July 1, 2008

Hastings Hopping Mad About Rising Gas Prices

By Chris Bristol, Yakima Herald-Republic, Wash.

Jul. 1--U.S. Rep. Doc Hastings is going nuclear on the subject of gas prices. So is rival George Fearing.

Hastings, R-Pasco, made several campaign-like stops Monday in sweltering Yakima, and every time he accused congressional Democrats of not doing enough about skyrocketing gas prices.

In a brief news confer-ence outside the offices of Western Materials, a cog in the hard-hit construction industry, Hastings complained that a variety of energy bills sponsored by Republicans can't get traction in the Democrat-controlled House.

"Frankly," he said, "we're being denied that opportunity."

Hastings said he supports the "full utilization of the nation's energy assets," including nuclear, wind and solar, as a long-term way of gaining some insulation from international oil markets.

In addition, he argued, allowing drilling on new sites, including the Arctic National Wildlife Refuge, would put immediate pressure on oil-producing countries and drive down prices in the short-term.

Democrats, he said, are dead set against new drilling despite the fact the U.S. consumes far more energy than it produces and imports more than half the oil it needs.

"There are some people out there who don't like cars," he said, "but I'm not in that camp, and I don't think most Americans are either."

Gas prices promise to figure as a key issue in the fall elections, and Hastings' most visible opponent in the fall elections, Democrat George Fearing, had some thoughts on the subject.

Fearing, a Kennewick attorney, said oil companies are more interested in profits than production and have plenty of untapped oil reserves on land already under lease from the federal government.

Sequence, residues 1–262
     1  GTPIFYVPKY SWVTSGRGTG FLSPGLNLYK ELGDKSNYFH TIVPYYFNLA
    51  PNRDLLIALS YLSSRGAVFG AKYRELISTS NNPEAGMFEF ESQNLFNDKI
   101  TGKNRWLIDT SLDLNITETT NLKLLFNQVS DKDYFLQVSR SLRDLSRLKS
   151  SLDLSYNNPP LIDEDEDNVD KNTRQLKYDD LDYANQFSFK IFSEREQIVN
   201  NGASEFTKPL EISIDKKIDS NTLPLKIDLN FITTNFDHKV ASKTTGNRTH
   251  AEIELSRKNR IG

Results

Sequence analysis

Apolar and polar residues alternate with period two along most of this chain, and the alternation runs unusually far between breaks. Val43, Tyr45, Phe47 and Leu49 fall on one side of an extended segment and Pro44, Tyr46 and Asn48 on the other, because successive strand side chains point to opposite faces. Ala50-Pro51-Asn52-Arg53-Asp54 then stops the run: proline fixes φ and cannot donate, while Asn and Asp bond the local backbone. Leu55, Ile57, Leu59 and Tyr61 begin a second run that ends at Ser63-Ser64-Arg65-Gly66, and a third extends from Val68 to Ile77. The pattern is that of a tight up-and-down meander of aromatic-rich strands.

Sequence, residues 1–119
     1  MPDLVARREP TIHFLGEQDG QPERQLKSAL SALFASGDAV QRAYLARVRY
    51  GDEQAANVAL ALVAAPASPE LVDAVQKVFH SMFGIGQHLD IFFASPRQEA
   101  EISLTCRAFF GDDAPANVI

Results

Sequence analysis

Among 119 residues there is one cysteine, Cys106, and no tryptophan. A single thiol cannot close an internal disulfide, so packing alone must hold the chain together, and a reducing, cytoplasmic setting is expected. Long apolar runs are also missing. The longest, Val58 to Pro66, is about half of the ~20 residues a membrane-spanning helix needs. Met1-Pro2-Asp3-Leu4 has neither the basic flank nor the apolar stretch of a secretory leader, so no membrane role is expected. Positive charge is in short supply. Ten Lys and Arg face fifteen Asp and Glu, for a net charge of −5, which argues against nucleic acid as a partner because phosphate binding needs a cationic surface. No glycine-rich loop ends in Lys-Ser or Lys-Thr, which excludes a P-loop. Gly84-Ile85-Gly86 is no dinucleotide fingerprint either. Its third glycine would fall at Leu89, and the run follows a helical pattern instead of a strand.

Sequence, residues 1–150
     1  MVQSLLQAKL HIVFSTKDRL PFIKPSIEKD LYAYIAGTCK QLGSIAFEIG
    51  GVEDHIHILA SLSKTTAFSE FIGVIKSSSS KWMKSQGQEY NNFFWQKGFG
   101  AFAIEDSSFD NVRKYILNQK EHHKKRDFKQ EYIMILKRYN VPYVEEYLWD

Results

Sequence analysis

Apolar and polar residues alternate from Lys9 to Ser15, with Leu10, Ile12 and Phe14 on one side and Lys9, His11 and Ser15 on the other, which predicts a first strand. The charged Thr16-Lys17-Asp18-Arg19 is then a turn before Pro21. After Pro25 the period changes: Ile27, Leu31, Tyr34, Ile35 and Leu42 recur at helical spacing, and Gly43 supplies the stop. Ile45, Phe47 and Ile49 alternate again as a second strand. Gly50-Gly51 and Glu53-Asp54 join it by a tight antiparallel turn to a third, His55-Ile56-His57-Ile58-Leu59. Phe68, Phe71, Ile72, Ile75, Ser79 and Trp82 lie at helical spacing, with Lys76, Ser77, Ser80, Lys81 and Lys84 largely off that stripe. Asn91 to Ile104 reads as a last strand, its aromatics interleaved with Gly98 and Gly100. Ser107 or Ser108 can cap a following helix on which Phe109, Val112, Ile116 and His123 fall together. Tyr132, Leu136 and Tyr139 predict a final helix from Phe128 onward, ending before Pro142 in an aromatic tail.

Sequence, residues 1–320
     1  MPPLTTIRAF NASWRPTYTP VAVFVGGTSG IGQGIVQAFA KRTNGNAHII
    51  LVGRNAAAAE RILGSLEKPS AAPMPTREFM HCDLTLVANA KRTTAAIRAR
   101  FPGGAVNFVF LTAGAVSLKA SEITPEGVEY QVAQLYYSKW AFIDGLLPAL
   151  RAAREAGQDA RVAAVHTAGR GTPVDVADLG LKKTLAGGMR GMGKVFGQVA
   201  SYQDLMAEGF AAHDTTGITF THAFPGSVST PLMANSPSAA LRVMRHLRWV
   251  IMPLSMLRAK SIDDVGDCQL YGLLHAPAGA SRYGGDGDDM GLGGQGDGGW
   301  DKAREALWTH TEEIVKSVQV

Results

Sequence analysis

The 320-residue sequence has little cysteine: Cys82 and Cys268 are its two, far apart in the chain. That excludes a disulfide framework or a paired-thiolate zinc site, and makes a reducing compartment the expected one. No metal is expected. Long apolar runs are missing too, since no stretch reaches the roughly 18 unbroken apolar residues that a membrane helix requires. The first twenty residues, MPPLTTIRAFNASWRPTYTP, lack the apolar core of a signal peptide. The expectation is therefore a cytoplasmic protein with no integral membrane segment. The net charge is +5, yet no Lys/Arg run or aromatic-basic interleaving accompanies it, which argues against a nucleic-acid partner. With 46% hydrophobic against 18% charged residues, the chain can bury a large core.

As for short-term reductions in gas prices, Fearing said ending the Iraq occupation would do wonders.

"Once we return the troops," he countered, "I promise you the prices will come down."

On one subject --nuclear power -- Fearing and Hastings are in near complete agreement.

They both agree that nuclear power, shunned for years as unsafe, should be part of the discussion. Fearing pointed out that several liberal European countries, particularly France, rely on it.

But their agreement was not complete, in the sense that Fearing believes Hastings, best known for his work on the House Ethics Committee, isn't up to the task of shifting congressional opinions.

"This area (Hanford) should be a leader in nuclear energy," he said, "but first we need a leader from this area in Congress to help us get going on that."

Hastings, first elected in 1994, is seeking his eighth term in the House. To date he has no opponent in the primary, which for the first time will take the top two vote-getters regardless of party.

Fearing is one of three Democrats vying for Hastings' seat. The others are Don Moody, a Wenatchee radio newsman, and John Gott, an Internet entrepreneur from White Salmon.


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